Yabello district is one of the representatives of the core of Borana pastoralism system and the cultural sites of the Gada system (Indigenous governance system) which govern the overall rangelands resource use (Ayana and Oba, 2007). Recently, development interventions such as the establishment of ranches, intensification of cropping farm, curtailment of mobility, etc. are intensive in this district. Thus, for the purpose of this study, Yabello district was selected. Yabello district encompasses a total area of 5556.7 square kilometers. The study area is characterized mainly by lowlands and hills. It lies between 1350 and 1800 meter above sea level. Based on current demarcation, the district comprises 18 lowest administrative units called kebele of which 8 kebeles are mainly depended on pastoralism; and the remaining 10 kebeles are characterized by agro-pastoralist.
2.3. Actors’ identification process and data collection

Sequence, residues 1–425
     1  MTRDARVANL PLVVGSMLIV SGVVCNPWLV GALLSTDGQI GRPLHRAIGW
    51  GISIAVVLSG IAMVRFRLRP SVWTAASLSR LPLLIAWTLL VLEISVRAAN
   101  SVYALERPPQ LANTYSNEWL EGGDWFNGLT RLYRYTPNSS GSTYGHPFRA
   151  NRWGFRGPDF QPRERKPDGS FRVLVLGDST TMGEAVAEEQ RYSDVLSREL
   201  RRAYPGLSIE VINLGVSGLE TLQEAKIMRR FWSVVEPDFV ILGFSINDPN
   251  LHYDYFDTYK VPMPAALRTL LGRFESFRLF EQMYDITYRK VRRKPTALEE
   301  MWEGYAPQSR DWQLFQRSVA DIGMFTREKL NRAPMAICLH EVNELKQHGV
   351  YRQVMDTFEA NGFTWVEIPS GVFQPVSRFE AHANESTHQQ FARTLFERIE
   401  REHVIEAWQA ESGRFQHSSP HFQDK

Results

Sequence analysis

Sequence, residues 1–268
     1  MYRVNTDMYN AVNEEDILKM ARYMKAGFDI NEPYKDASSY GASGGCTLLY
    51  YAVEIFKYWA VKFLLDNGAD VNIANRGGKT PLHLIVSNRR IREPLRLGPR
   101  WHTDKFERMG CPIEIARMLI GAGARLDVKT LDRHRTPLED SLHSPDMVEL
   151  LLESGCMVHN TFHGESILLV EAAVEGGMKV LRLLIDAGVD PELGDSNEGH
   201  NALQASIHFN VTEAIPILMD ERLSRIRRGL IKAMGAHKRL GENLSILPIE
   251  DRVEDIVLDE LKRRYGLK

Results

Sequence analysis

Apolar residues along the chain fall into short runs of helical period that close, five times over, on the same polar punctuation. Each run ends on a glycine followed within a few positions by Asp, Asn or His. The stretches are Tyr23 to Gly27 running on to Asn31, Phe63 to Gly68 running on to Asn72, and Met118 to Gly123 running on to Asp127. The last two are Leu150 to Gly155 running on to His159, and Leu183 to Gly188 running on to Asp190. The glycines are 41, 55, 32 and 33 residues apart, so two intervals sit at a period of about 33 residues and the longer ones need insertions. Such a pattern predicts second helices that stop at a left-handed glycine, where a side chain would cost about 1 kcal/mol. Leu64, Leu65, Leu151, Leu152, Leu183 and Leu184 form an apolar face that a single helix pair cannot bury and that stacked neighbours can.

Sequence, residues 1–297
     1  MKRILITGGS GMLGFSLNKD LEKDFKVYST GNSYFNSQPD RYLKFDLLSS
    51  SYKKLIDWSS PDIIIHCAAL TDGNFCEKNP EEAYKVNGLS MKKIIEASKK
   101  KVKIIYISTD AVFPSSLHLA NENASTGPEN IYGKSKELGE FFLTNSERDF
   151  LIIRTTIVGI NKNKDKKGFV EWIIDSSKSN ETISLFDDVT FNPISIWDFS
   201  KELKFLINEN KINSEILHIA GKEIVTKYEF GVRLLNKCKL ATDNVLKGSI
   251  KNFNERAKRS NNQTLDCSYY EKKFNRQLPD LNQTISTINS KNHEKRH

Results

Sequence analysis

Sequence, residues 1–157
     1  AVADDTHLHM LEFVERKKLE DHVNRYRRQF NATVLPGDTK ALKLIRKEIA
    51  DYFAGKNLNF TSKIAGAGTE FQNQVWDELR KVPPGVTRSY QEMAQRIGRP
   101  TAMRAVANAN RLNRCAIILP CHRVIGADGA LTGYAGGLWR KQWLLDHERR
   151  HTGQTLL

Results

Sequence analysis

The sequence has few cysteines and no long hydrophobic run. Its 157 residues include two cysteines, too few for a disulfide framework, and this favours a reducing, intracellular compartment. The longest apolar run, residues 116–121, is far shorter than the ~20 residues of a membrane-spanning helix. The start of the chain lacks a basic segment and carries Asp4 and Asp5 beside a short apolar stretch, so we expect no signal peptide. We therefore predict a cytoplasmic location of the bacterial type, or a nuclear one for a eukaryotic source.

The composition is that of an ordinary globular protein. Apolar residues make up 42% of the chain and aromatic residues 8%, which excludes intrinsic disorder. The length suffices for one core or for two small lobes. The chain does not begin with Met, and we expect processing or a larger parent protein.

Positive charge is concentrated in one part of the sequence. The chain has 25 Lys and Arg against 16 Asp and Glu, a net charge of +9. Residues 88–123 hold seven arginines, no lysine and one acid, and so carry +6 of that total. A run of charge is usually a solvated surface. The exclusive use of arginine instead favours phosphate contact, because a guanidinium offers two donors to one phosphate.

Before discussing the process involved in identification of stakeholders’/actors’ considered in network analysis, it is worth highlighting the formal institutional setup related to rangeland resource governance in the country. In Ethiopia, generally, the political administration has five tiers: national or federal level, regional states, zones, districts and kebeles. Generally, institutional setup for natural resource management and governance follows the same jurisdictions. Rangeland use is mainly governed by the Federal Democratic Republic of Ethiopia Rural Land Administration and Land Use Proclamation No. 456/2005. The proclamation provides the general framework and power for national and regional governments to set hierarchical organizational structures down to district level to regulate sustainable land use system. However, there are no formal state organizations specifically dealing with rangeland resources management.